• Sporting College Colors
  • LA teacher loses battle to cancer

    Marilyn Fabry, a Los Alamos teacher for close to 20 years, lost her battle with cancer Saturday.

    She was 60.

    Last Monday was proclaimed Marilyn Fabry Day by the Los Alamos Board of Education, and on Tuesday, dozens of students showed up outside her house to wish her well.

    They all wore orange because Fabry was a fan of the soft drink “Orange Crush.”

    Los Alamos High School principal Sandra Warnock sent the following email to parents Tuesday morning.

    “It is with deep regret that I inform you about a recent loss to our school community. On Saturday, Aug. 31, 2013, Marilyn Fabry passed away peacefully after a courageous battle with cancer. This loss is sure to raise many emotions, concerns, and questions for our entire school, especially our students.

    “Our school has a Crisis Intervention Team made up of professionals trained to help with the needs of students and school personnel at difficult times such as this. Counselors from the high school, middle school and elementary schools, as well as district psychologists, are available today for grief counseling for any student.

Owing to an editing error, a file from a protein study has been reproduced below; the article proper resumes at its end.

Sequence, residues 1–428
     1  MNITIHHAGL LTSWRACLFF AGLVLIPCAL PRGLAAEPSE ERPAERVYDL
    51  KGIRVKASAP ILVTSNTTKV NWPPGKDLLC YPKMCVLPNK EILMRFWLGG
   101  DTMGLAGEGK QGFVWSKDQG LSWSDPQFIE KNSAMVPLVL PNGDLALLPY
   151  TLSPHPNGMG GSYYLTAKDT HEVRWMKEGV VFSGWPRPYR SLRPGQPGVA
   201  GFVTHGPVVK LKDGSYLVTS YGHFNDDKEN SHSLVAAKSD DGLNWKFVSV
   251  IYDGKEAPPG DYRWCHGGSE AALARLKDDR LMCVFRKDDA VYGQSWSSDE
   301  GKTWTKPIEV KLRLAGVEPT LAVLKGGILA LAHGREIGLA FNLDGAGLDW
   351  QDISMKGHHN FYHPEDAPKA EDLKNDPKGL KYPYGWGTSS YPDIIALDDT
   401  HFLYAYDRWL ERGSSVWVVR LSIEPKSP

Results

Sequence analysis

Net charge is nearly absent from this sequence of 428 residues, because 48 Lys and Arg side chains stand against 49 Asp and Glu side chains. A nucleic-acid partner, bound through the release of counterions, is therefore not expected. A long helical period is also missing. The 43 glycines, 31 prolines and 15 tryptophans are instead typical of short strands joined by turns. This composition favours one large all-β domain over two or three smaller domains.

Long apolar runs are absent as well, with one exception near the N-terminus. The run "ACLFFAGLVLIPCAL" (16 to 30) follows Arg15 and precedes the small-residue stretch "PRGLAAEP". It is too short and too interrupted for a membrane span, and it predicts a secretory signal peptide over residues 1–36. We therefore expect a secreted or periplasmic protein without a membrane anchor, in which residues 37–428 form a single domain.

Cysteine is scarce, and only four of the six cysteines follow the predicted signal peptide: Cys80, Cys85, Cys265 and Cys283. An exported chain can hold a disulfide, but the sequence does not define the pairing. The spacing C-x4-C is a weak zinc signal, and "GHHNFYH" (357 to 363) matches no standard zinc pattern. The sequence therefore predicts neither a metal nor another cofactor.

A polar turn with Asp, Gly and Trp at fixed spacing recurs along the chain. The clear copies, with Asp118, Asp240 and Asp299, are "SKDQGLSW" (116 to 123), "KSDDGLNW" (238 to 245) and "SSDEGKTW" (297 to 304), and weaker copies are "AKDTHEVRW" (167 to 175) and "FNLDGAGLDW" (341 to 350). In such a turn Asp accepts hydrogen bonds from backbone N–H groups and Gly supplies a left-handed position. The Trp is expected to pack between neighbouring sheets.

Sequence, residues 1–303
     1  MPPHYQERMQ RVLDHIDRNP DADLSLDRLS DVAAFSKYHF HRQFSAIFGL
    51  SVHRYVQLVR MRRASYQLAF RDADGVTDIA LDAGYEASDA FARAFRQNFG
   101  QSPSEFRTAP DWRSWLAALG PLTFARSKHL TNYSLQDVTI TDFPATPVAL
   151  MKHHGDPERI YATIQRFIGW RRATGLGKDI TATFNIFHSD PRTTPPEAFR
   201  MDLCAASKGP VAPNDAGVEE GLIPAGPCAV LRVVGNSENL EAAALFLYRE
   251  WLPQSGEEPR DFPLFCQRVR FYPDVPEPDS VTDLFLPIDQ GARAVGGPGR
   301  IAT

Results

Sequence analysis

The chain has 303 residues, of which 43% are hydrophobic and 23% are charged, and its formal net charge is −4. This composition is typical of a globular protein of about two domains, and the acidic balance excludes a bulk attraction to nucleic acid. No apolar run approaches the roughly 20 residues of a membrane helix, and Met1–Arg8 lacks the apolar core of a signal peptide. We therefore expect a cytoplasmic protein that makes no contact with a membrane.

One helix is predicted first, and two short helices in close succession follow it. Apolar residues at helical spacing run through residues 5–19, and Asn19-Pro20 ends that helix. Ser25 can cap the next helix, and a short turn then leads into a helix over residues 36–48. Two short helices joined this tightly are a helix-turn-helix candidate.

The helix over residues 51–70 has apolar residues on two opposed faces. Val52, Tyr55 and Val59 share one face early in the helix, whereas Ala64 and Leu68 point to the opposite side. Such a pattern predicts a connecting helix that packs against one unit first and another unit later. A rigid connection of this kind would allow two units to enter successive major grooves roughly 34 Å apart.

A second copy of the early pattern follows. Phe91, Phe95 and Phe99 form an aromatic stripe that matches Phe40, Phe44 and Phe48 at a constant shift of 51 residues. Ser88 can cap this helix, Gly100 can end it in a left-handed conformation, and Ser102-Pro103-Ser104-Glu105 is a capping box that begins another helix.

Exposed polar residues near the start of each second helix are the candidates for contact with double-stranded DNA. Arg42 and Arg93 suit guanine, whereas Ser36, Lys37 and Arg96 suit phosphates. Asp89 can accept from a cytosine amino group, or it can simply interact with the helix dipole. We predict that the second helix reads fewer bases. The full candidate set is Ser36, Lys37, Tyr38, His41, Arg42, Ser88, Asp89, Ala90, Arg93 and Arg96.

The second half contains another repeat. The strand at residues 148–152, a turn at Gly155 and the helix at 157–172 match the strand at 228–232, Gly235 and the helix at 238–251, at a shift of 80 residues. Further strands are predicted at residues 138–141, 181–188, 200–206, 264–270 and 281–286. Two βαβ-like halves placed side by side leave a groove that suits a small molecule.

“I am saddened by the loss to our school community and will make every effort to help your child and the Los Alamos High School staff through the resources we have in place.

  • HillTalkers weigh in on mil-levy debate

    The Los Alamos High School HillTalkers, the school’s debate team weighed in on whether or not Los Alamos voters should grant the University of New Mexico- Los Alamos more funding through a 2 mil tax levy.

    The debate team showed up at a forum and presentation on the subject presented by the League of Women Voters and UNM-LA at one of the school’s lecture halls Thursday night.